Finally, Stern is a skilled social satirist. He has
his moments of incongruous piety, but for the most
part, he skewers anyone careless enough to expose
their vanities in public. He knows how to spot phonies and
hypocrites, and he rarely lets self-interest,
compassion, or good taste interfere with his observations.
Rape, the fatal car accident of a good friend, even his
wife's miscarriage...all of these have been
targets for his satire.
But despite his many talents, what prevents Stern from
meeting the second requirement of the King of
All Media crown is the repetitive nature of his output.
His TV show is a visual duplicate of his radio show;
his books are essentially transcriptions of it. In
TV and publishing, then, his success derives not from any
expertise he's shown in creating content tailored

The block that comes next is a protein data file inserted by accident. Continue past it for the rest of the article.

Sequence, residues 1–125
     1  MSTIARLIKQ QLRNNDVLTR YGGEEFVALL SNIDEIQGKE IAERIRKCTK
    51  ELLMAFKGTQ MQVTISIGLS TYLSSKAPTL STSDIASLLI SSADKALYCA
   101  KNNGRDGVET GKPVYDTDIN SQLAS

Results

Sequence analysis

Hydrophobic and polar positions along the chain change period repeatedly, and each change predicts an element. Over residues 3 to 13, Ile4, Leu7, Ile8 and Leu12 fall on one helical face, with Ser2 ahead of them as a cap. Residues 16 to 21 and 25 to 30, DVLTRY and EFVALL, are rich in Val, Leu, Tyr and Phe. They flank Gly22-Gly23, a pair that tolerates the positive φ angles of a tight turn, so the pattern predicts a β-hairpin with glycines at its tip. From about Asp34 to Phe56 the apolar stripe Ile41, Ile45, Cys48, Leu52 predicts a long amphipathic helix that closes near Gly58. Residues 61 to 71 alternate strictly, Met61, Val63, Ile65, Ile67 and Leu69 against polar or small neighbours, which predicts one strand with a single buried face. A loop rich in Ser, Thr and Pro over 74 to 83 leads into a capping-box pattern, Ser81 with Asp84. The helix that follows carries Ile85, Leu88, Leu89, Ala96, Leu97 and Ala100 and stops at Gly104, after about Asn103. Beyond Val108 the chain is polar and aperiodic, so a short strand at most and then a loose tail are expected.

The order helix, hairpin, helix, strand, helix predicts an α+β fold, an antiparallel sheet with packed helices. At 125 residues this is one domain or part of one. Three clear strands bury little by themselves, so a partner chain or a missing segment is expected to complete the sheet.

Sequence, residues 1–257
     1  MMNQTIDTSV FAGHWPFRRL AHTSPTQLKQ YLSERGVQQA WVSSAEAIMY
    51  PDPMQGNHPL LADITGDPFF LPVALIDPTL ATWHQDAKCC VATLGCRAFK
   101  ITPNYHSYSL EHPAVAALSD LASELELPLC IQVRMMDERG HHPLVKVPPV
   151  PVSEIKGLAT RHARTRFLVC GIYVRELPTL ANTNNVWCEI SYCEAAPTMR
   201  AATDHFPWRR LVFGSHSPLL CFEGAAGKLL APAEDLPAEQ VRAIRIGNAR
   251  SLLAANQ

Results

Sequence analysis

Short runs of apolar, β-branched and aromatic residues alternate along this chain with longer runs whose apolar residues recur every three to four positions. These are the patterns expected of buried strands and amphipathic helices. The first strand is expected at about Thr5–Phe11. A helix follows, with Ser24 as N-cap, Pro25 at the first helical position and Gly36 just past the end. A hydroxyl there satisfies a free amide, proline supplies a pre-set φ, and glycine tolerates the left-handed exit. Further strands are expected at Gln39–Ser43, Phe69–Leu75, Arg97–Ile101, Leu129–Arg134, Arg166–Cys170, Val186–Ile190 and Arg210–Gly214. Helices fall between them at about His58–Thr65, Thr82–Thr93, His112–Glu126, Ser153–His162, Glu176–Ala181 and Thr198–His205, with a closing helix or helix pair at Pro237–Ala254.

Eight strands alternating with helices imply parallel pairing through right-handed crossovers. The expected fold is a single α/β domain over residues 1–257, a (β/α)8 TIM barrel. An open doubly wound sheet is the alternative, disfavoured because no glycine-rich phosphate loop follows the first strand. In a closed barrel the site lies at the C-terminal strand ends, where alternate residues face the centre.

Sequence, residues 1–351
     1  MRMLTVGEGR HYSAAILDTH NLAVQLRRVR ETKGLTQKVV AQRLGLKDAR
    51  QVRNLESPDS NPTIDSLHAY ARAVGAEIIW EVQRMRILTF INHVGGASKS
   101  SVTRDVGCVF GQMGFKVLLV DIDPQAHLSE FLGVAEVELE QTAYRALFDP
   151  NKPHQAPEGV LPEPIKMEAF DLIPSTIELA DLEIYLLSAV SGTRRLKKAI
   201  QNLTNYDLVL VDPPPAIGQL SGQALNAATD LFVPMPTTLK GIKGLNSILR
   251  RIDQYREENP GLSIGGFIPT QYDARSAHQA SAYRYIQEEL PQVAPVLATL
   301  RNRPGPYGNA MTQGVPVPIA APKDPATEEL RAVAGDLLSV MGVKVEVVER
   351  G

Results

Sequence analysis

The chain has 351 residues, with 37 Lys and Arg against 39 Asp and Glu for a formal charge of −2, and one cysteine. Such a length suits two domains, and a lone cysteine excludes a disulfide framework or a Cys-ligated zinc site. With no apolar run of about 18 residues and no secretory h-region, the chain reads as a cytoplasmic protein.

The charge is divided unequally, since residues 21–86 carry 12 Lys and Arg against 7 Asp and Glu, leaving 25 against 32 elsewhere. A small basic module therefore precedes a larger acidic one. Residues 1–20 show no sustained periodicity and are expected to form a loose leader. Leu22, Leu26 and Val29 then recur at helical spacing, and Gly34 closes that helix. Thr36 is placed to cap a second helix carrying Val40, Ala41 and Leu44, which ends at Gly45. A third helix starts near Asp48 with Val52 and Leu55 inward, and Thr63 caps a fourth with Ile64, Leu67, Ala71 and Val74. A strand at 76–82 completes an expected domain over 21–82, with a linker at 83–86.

to the particular qualities of these mediums, but rather,
from his overwhelming popularity as a radio
personality. In addition, Stern's reputation as an innovator
is somewhat overblown. While his blunt manner, his
sexually explicit content, and his long-running troubles
with the FCC have led some people to compare him to
Lenny Bruce, that analogy doesn't really hold up. Bruce
was a man ahead of his time, Stern is simply a
product of his. Bruce taught people to look at the world in
a new, more honest way; to some degree, Stern carries
on this tradition, but his students have had
far more prior instruction than Bruce's ever did, so the
challenge isn't as great. And for the most part,
instead of trying to enlighten his audience, Stern is
content to merely grab their attention by pandering to their
horny, rebellious nature...